8 ) Clear out sentimental items – We took eight bin bags to the recycling full of photos, sketches, journals, school notes, letters, cards and other mementos. That’s a lot! Did we really need all of that for memories? We did keep photo albums with the best photos, travel journals and a few letters and drawings. You need to decide what’s really important to you. We aren’t as hardcore as Colin from Exile Lifestyle who threw a shred party before he left on his travels and got rid of absolutely everything.

With the right planning and enough time, it doesn’t have to be difficult – just remember not to buy more stuff to replace all the things you’re selling!

Still not convinced? For more on the benefits of selling all of your belongings read our post The Benefits of Selling Everything You Own or watch George Carlin talking about stuff.

In Part 2 of How To Sell All Of Your Stuff we share our favourite selling methods- setting up a ‘stuff blog ‘ and Ebay, while Part 3 looks at Amazon marketplace, car boot sales, where to sell old CDs and mobile phones, and other methods, as well as detailing how much we earned.



  1. jest want to walk away nice home mendocino co 4bedroom 5out building big barn with wood shop chain saws mowers all kinds of tools everthing goes its my hole life 50 years of stuff not junk

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  2. I have a lot that I either need to sell or put in storage and just thinking about is stressful.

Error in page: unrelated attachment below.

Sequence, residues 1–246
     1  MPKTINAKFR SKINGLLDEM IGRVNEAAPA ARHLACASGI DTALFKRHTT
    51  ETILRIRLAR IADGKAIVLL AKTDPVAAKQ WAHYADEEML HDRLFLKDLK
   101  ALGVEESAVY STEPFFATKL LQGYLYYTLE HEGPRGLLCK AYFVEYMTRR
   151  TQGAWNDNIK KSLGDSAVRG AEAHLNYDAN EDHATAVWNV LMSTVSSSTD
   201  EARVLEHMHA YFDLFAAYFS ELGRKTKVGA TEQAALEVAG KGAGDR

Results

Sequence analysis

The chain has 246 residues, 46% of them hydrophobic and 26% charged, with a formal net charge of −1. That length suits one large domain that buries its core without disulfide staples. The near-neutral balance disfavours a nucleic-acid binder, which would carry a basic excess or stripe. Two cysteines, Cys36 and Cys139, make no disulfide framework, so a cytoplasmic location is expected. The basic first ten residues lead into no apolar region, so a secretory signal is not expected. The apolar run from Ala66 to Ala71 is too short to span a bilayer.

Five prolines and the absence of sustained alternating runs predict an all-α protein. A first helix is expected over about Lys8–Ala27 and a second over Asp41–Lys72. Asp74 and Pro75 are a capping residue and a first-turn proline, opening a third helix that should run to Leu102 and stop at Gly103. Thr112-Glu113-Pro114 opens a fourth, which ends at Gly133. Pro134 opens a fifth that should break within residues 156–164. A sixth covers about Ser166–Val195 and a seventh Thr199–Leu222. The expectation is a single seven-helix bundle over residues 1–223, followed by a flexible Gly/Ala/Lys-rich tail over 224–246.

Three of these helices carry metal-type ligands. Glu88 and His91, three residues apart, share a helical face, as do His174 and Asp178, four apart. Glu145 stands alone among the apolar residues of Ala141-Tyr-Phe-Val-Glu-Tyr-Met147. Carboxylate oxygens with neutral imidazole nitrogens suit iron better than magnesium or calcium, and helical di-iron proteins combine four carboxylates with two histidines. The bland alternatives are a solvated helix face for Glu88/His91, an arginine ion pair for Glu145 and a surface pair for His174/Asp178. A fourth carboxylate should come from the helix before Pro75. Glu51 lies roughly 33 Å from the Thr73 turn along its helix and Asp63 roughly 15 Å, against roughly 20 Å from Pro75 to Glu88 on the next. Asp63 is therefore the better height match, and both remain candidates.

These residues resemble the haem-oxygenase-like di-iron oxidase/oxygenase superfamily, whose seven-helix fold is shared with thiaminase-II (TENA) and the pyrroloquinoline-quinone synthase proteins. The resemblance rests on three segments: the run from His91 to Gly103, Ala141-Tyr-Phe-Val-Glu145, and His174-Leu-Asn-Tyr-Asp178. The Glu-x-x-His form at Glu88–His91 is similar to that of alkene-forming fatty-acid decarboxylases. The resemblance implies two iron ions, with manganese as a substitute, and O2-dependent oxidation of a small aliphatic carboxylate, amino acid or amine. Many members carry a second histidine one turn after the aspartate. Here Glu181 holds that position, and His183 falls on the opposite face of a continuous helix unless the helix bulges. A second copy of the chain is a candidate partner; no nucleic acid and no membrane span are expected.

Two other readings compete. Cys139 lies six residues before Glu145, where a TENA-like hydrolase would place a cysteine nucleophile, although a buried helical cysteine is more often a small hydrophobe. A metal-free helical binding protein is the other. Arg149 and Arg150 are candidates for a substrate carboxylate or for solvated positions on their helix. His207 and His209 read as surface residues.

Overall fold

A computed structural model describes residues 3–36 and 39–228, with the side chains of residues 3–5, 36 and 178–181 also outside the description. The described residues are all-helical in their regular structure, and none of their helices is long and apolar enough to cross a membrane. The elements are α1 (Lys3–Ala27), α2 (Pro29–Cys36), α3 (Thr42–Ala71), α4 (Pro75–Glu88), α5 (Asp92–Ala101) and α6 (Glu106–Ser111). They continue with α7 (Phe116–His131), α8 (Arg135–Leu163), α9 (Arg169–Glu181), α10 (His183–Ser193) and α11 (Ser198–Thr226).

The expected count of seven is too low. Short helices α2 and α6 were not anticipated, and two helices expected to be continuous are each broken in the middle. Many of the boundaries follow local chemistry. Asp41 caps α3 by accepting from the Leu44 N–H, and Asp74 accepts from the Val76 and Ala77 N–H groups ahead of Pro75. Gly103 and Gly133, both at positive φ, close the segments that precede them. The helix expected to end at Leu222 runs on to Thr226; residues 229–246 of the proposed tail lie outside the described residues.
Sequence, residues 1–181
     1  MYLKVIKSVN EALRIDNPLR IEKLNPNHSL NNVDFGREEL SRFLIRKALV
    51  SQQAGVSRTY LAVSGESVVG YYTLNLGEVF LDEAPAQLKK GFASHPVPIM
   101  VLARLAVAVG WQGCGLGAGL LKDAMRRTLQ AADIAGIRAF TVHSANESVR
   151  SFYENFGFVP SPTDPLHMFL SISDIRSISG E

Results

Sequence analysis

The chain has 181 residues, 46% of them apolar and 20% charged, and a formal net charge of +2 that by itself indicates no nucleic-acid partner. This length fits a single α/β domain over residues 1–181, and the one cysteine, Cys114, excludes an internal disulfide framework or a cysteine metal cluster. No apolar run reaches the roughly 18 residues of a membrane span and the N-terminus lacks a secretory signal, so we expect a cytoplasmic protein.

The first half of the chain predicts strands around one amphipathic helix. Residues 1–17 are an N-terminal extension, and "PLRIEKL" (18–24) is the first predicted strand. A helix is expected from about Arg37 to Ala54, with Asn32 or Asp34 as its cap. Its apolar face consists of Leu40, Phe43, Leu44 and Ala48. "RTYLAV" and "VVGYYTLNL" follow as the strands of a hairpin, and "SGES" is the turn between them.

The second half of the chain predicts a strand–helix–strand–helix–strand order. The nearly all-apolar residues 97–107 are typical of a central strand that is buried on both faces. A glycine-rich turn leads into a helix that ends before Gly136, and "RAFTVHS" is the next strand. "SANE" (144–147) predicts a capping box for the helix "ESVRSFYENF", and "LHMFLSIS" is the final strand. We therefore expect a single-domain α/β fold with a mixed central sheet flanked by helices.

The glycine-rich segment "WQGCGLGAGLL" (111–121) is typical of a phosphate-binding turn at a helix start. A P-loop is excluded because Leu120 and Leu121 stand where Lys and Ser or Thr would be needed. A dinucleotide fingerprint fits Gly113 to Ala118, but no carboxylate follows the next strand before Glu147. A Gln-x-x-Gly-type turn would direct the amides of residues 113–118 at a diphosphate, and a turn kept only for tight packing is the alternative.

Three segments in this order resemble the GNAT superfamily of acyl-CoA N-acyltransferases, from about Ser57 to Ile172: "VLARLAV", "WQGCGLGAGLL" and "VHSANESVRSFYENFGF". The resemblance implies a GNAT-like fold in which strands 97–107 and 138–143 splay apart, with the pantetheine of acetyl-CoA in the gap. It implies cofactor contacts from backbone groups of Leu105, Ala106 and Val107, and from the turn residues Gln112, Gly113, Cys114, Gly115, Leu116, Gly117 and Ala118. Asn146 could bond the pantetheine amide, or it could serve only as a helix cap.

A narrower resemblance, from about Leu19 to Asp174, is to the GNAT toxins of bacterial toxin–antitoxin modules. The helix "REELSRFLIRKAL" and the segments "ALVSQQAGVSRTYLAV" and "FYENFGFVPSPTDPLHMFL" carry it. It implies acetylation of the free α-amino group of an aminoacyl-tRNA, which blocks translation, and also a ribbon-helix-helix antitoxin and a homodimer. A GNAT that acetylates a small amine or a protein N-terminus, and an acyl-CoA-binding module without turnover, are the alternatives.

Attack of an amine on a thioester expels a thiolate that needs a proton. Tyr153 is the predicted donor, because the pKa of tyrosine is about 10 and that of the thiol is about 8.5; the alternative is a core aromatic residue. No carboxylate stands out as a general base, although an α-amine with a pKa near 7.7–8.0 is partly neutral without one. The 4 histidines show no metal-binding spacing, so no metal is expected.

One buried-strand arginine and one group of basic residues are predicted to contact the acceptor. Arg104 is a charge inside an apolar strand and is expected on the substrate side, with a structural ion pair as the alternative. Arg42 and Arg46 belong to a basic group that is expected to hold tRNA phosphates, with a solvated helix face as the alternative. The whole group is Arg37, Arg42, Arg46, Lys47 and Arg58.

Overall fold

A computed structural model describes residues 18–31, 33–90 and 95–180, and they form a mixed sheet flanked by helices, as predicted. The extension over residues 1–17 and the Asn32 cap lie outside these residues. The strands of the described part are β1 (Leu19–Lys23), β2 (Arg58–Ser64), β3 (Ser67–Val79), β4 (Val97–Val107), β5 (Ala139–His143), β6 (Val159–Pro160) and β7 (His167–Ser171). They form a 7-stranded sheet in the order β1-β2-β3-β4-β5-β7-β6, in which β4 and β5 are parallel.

I understand selling stuff that you no use or you have fell out of love with. But how do you determine if you should sell the lamp that you still love and was $300 but probably would only get you a fraction of the price?

    What is the best method of selling and getting a fair price?

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    • We had to get rid of everything so we didn’t really have a choice. It was difficult to accept that things that had cost us a lot weren’t worth much to others but it got easier the more we did it. If you have a look through the series you can see all the different methods we used for selling things. Selling to friends via a website worked best for us.

      Reply ↓

  3. I was inspired by y’all to set up my blog. I linked to you and wanted to let you know that I did. Just letting people know that you inspired me.

    Reply ↓

  4. PS
    Are there companies out there who will buy my home and all my possessions together so I just walk away?

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  5. Hi,
    Do you know of any companies who will come to your house and make an offer and buy on ALL your stuff and haul it away? I may be moving to Italy and want to go with the clothes on my back!

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  6. The best way to get rid of sentimental items without also getting rid of their sentimental value is to make a digital scrapbook. I took pictures of my son’s baby stuff and saved them in Dropbox before giving the actual stuff to the mom of an actual new baby. Unexpected benefit: when we look at the pictures we feel so happy to think that these precious things are becoming someone else’s sentimental objects too.

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    • Great idea, we took photos of lots of things too. Now we are travelling Simon takes photos of his drawings so he doesn’t have to carry loads of paper around.